It’s a sunny morning on Revere Avenue in San Francisco’s Bayview, and toddlers are tending to the garden they have carefully planted, with organic tomatoes, cilantro and radishes ready to be picked for that afternoon’s lunch. No, this isn’t a City-sponsored summer camp: It’s Delia’s Little Angels, a home-based early care and education center.
The brainchild of indefatigable Delia Suarez (photo, second left), who emigrated from El Salvador almost four decades back, the only thing that doesn’t have her mark on this venture is the name. That was a neighbor’s idea.
“In the year 2000, I was actually looking for quality, affordable child care for my grandchild. I didn’t find many options. So, I decided to start my own,” explains Delia of the genesis of her business.
Delia’s Little Angels has grown over the years, currently serving as the daytime home for kids ages 24 weeks to three years old, with 14 young ones at a time lovingly cared for by Delia and her two assistants.
Delia always showcased an entrepreneurial spirit: She ran businesses in her Central American homeland, plus operated a retail store in the Mission once she came to San Francisco. Looking to hone her business skills, in 1998 Delia first came to MEDA, where she took workshops. As is the norm, she then started one-on-one coaching, in her case being connected to then-Business Development Coach Teresa Garcia (photo, second right; Garcia currently sits on the MEDA Board.)
In 2012, MEDA’s Edwin Rodriguez (photo, right) started working with Delia to expand her child care business. Rodriguez helped Delia apply for a Preschool for All certification through First 5 SF. Additionally, Delia’s personal and business finances were strengthened, with marketing and business plans created.
Delia’s trajectory has included other milestones.
For example, to further her education, Delia went through San Francisco State University’s “Soy Bilingüe” program, specifically designed by First 5 SF for day care providers to better skills to strengthen dual-language learners’ pathways to school readiness. This program afforded Delia the opportunity to complete her bachelor’s degree.
Also, First 5 awarded Delia a five-star qualification. These ratings, which are communicated to both programs and parents, help provide a sense of a program’s strengths.
Additionally, Delia received a $5,000 grant from the San Francisco Women’s Entrepreneurship Fund, a joint project of MEDA in collaboration with the Office of Economic and Workforce Development (OEWD). Delia used this mini-grant to remodel the backyard to be accessible for even more activities for kids.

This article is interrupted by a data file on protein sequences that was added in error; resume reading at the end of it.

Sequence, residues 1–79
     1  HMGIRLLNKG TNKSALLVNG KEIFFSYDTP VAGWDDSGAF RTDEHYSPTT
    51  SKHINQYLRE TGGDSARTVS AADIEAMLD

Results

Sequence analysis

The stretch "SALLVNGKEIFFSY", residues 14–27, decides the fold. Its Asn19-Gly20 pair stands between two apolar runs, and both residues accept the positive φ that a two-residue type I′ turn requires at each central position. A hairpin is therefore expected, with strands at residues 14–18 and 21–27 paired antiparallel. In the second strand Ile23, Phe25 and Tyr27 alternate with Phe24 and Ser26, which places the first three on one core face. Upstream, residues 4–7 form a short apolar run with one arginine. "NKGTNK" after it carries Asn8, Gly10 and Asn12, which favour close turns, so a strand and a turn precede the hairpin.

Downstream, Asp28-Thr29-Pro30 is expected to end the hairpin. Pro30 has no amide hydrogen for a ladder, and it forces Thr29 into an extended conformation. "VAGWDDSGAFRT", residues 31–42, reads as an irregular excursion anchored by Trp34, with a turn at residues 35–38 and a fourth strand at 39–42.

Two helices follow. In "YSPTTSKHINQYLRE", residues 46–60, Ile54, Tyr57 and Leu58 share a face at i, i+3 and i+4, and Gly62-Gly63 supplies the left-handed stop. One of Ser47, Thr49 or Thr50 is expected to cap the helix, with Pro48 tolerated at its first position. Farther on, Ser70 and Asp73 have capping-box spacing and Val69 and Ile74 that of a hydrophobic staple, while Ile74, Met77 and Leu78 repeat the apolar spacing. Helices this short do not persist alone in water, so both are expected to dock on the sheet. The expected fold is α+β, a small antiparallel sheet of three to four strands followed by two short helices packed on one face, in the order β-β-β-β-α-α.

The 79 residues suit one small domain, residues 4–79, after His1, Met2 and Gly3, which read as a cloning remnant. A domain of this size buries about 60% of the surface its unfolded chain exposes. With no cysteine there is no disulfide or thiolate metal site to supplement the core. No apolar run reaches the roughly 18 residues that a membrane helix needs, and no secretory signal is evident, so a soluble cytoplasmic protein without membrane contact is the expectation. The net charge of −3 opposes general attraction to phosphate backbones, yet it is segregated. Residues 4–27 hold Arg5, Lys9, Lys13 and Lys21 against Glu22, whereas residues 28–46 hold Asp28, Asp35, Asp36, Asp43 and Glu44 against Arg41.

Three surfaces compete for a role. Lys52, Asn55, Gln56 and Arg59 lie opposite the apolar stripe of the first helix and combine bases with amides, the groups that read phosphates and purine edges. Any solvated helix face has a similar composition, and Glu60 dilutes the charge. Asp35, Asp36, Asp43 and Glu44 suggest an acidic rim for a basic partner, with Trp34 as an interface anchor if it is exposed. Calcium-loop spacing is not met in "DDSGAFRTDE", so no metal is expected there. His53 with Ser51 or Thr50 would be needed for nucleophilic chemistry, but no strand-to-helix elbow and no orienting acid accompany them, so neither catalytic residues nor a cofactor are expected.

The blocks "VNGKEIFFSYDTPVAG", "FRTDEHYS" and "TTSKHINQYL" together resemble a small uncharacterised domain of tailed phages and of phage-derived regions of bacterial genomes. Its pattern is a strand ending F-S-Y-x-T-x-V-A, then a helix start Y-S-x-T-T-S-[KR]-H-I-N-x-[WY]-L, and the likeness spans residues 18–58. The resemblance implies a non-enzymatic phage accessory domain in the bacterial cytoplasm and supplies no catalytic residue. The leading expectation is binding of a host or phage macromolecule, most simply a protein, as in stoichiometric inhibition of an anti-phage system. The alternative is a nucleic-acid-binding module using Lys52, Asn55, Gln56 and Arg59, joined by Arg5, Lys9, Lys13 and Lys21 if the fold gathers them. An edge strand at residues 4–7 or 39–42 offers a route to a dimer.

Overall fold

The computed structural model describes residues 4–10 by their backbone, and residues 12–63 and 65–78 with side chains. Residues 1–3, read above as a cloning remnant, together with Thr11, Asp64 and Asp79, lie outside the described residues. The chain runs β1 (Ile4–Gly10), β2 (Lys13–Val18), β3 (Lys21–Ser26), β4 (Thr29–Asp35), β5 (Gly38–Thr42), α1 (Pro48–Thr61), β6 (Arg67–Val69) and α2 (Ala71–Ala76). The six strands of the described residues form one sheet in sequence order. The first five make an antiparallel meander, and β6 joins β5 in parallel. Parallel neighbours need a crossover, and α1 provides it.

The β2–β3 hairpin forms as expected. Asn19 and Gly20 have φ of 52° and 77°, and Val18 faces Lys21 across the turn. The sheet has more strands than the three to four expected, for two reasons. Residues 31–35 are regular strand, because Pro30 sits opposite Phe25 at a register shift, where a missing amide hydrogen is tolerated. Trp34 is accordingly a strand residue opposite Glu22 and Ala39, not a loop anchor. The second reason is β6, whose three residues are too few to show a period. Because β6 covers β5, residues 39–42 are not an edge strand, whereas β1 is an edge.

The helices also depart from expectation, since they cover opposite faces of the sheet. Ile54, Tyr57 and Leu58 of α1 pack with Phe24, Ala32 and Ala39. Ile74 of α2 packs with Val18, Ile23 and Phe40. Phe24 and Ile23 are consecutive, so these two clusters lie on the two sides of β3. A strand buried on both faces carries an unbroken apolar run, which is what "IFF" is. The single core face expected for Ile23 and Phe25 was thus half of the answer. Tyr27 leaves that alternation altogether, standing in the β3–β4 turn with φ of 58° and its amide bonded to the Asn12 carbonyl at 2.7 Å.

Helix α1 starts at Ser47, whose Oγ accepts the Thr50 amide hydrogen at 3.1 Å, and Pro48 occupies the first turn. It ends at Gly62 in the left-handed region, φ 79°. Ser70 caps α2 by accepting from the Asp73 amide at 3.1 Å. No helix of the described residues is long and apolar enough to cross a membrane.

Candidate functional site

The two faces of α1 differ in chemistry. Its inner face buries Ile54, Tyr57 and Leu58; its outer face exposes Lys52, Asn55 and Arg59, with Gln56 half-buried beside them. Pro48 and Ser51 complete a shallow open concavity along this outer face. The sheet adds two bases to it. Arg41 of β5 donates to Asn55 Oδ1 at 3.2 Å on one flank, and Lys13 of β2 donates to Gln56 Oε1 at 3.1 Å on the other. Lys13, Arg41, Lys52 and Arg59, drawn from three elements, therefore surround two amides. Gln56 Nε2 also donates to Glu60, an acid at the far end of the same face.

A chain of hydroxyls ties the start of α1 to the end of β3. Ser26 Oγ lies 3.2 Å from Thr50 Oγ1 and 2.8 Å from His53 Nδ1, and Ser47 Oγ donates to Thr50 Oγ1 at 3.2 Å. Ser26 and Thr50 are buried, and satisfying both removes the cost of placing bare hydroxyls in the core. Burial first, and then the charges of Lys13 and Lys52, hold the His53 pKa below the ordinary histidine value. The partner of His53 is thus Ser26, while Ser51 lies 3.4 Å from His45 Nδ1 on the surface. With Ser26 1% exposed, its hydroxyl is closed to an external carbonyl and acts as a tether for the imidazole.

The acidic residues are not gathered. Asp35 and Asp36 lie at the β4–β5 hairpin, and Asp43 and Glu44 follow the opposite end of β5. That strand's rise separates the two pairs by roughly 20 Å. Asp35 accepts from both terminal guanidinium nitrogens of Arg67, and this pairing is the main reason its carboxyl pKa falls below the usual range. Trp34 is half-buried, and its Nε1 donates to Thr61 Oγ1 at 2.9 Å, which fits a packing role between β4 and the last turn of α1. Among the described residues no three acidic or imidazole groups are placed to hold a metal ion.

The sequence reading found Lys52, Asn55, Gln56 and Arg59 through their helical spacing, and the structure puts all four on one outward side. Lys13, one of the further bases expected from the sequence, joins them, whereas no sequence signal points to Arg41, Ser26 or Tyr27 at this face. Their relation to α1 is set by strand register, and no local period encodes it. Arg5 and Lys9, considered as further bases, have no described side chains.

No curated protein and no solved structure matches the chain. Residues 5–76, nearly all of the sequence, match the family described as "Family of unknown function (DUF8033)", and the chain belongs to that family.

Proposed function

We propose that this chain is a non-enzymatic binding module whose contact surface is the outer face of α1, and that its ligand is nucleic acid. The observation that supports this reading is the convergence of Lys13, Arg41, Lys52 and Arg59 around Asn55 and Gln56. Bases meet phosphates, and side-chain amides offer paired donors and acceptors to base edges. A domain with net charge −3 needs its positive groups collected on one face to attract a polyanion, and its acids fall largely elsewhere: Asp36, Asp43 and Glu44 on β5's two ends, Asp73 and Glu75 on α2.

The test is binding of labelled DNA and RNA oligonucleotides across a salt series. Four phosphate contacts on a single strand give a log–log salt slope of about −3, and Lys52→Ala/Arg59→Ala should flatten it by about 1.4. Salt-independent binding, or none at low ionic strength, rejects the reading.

In recognition of her lifetime of achievement for the community, Delia’s Little Angels was awarded a “2019 Excellence in Teaching Family Child Care Recognition Award” on June 19 at the Children’s Creativity Museum.
Explained First 5 of why Delia was chosen for the award: “You have been nominated and selected to receive the ‘2019 Excellence in Teaching Family Child Care Recognition Award.’ Delia, thank you so much for the quality you bring every day to the field of early care and education. San Francisco is very lucky to have so many professionals doing outstanding work in our field.”
Not one to rest on her laurels, Delia has even bigger dreams for her business.
The Mission Promise Neighborhood (MPN) cradle-to-college-to-career education collaborative, for which MEDA acts as backbone agency, is bringing services to 10 family and child care provider sites, of which Delia’s Little Angels is one. Delia is now working with Early Learning Family Success Coach Dannhae Herrera-Wilson (photo, left). With the support of Herrera-Wilson, at her site Delia is providing Abriendo Puertas — a parent-leadership program created by Latino parents for Latino parents. Delia is also working with MPN partner Instituto Familiar de la Raza and their mental health consultant to bring mental health services to Delia’s Little Angels.
Delia’s story showcases how MEDA and MPN’s integrated services are supporting small businesses, family stability and academic achievement.
“I want to move to another location, no longer being just a home-based business. I currently use 85 percent of my home for Delia’s Little Angels. I want to expand my business by 50 percent, so I can provide an early care and education center for up to 21 children. MEDA continues to guide me to the right people and resources. So, I know that my future is bright!” concludes an optimistic Delia.